Opened 4 years ago

Last modified 3 months ago

#4470 new feature request

Loop optimization: identical counters

Reported by: choenerzs Owned by:
Priority: normal Milestone: 7.12.1
Component: Compiler Version:
Keywords: loop optimization Cc: choener@…, pumpkingod@…, michal.terepeta@…, dterei
Operating System: Unknown/Multiple Architecture: Unknown/Multiple
Type of failure: Runtime performance bug Test Case:
Blocked By: Blocking:
Related Tickets: Differential Revisions:

Description

Consider the small program below, where 'f' has to counters 'i' and 'j'. Both are completely identical; the only difference is that 'i' is used to change 's', while 'j' changes 'm'. It would be beneficial to have GHC transform 'f' into something like 'ff' so that one register less is required.

Neither GHC nor LLVM perform this optimization.

Code of this kind occurs when one uses the "vector library". See this discussion: http://www.haskell.org/pipermail/glasgow-haskell-users/2010-November/019446.html

{-# LANGUAGE BangPatterns #-}

module Main where

import Criterion.Main

f :: Int -> Int -> Int -> Int -> Int
f !i !j !s !m
  | i == 0    = s+m
  | otherwise = f (i-1) (j-1) (s + i+1) (m + j*5)

g :: Int -> Int
g !k = f k k 0 0


ff :: Int -> Int -> Int -> Int
ff !i !s !m
  | i == 0    = s+m
  | otherwise = ff (i-1) (s + i+1) (m + i*5)

gg :: Int -> Int
gg !k = ff k 0 0



{-
main = do
  print $ g 20
  print $ gg 20
-}

main = defaultMain
  [ bench " g" $ whnf g  20 -- 67.9ns
  , bench "gg" $ whnf gg 20 -- 64.5ns
  ]

Function 'f' produces this core:

$wf =
  \ (ww_s1uU :: Int#)
    (ww1_s1uY :: Int#)
    (ww2_s1v2 :: Int#)
    (ww3_s1v6 :: Int#) ->
    case ww_s1uU of wild_B1 {
      __DEFAULT ->
        $wf
          (-# wild_B1 1)
          (-# ww1_s1uY 1)
          (+# (+# ww2_s1v2 wild_B1) 1)
          (+# ww3_s1v6 (*# ww1_s1uY 5));
      0 -> +# ww2_s1v2 ww3_s1v6
    }

'wild_B1' and 'ww1_s1uY' should be merged in this case.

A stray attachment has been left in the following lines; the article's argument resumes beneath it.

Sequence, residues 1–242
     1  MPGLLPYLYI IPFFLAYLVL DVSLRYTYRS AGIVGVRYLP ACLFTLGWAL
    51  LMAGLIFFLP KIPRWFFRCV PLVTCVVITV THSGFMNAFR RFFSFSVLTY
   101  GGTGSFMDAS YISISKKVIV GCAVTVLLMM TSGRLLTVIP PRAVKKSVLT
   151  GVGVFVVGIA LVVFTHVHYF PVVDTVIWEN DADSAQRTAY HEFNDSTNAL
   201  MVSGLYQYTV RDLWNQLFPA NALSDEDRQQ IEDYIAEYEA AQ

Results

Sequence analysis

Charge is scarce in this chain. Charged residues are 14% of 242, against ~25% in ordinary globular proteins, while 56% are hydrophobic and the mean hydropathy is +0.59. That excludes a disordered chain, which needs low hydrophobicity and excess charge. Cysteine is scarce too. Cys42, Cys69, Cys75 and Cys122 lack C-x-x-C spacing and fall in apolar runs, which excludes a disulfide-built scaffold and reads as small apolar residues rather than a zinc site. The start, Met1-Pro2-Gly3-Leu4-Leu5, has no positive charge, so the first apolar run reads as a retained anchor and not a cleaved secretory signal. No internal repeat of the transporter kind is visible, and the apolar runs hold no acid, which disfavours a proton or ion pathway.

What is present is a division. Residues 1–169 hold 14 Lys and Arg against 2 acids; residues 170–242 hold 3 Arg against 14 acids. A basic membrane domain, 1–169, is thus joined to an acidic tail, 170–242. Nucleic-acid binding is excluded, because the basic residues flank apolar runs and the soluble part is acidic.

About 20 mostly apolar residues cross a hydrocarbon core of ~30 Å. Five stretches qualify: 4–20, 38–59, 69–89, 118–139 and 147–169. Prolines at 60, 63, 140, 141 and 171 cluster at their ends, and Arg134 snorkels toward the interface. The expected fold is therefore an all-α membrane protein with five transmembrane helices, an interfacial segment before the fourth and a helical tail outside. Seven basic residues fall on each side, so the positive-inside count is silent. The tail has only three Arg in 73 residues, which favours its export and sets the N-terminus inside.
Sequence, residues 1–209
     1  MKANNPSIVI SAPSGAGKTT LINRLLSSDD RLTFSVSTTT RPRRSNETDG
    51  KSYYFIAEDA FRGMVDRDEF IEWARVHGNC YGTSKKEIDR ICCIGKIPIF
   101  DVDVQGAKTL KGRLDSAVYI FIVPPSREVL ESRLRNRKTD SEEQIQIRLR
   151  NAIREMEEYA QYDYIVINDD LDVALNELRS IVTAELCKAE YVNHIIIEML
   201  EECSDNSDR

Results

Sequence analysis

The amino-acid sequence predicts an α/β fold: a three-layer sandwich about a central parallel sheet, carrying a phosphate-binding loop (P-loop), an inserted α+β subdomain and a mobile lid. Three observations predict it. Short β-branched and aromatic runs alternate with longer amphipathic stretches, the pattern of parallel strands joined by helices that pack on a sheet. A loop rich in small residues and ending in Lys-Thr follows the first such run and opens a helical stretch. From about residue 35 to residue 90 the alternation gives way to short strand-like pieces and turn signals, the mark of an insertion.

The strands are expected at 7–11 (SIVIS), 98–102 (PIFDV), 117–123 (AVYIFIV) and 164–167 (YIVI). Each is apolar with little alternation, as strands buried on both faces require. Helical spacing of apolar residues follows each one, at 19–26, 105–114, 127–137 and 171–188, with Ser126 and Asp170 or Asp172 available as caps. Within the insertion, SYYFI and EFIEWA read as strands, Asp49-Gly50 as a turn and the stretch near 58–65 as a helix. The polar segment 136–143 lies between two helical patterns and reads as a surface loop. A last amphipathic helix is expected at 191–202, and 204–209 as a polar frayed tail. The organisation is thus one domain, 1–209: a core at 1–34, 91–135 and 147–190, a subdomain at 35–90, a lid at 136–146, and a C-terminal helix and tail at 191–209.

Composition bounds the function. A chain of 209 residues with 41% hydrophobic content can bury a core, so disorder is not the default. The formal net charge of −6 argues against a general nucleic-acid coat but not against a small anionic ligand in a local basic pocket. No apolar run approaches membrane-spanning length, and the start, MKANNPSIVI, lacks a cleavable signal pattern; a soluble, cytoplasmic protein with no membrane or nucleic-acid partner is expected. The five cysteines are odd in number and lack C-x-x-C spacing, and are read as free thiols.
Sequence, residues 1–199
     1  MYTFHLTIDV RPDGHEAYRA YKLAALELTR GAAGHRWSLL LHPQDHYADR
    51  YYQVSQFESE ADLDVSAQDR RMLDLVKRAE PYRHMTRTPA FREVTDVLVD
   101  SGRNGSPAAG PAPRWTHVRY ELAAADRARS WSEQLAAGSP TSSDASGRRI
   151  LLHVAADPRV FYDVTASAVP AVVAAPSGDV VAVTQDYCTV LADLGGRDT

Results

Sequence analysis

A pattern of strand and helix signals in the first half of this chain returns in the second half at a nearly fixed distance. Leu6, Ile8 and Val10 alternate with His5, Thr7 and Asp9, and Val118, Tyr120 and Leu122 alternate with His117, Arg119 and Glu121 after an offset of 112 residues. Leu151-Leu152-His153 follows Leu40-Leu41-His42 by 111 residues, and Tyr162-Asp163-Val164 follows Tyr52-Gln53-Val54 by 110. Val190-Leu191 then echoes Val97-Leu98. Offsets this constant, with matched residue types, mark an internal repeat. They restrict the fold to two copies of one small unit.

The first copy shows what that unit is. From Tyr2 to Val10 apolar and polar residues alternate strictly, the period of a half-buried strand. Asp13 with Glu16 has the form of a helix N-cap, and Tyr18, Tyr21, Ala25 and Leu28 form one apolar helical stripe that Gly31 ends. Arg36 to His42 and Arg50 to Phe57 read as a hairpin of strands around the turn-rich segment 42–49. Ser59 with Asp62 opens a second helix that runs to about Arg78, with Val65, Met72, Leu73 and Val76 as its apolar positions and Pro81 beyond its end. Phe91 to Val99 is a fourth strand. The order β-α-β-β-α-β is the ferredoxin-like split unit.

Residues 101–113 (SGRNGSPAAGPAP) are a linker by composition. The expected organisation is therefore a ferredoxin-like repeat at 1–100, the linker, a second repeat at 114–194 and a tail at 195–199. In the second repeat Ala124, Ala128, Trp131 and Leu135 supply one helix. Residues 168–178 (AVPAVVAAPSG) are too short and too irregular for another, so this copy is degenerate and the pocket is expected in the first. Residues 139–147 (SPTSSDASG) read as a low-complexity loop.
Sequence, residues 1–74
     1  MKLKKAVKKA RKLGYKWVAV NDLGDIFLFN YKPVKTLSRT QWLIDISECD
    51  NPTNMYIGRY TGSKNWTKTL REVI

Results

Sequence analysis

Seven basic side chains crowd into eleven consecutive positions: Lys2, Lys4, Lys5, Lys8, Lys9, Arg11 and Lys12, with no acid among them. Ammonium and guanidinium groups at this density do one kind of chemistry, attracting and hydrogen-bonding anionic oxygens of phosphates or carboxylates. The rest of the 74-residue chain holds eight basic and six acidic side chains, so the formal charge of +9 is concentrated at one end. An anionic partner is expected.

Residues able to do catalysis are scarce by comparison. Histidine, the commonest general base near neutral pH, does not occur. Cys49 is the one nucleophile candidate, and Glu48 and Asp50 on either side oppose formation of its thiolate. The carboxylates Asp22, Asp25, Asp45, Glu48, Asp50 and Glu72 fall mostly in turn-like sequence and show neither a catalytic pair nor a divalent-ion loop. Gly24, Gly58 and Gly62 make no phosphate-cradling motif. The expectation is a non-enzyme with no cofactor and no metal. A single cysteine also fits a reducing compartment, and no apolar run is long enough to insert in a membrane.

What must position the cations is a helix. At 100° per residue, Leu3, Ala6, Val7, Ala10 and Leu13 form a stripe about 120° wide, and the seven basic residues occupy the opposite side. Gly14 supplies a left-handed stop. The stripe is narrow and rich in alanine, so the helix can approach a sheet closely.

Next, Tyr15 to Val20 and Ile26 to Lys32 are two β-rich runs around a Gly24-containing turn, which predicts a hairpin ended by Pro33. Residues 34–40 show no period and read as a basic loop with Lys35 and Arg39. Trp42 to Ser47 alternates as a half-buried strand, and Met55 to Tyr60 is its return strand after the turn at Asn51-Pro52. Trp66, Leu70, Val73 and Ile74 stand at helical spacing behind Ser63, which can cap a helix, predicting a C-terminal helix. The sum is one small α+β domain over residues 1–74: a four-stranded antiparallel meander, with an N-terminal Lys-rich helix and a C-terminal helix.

The attached source is above program.

Attachments (1)

FunOpt.hs (523 bytes) - added by choenerzs 4 years ago.

Download all attachments as: .zip

Change History (15)

Changed 4 years ago by choenerzs

comment:1 Changed 4 years ago by rl

Here is another example:

import Data.Vector.Unboxed as V

dotp :: Vector Double -> Vector Double -> Double
dotp xs ys = V.sum (V.zipWith (*) xs ys)

GHC generates this loop:

    letrec {
      $s$wfoldlM'_loop_s1TD [Occ=LoopBreaker]
        :: Int# -> Int# -> Double# -> Double#
      $s$wfoldlM'_loop_s1TD =
        \ (sc_s1Tk :: Int#) (sc1_s1Tl :: Int#) (sc2_s1Tm :: Double#) ->
          case >=# sc1_s1Tl ipv1_s1QU of _ {
            False ->
              case >=# sc_s1Tk ipv4_s1Rb of _ {
                False ->
                  $s$wfoldlM'_loop_s1TD
                    (+# sc_s1Tk 1)
                    (+# sc1_s1Tl 1)
                    (+##
                       sc2_s1Tm
                       (*##
                          (indexDoubleArray# ipv2_s1QV (+# ipv_s1QT sc1_s1Tl))
                          (indexDoubleArray# ipv5_s1Rc (+# ipv3_s1Ra sc_s1Tk))));
                True -> sc2_s1Tm
              };
            True -> sc2_s1Tm
          }; } in
    $s$wfoldlM'_loop_s1TD 0 0 0.0

It should be easy to spot that sc_s1Tk and sc1_s1Tl are always equal. In fact, SpecConstr probably already has most of the machinery for this.

comment:2 Changed 4 years ago by pumpkin

  • Cc pumpkingod@… added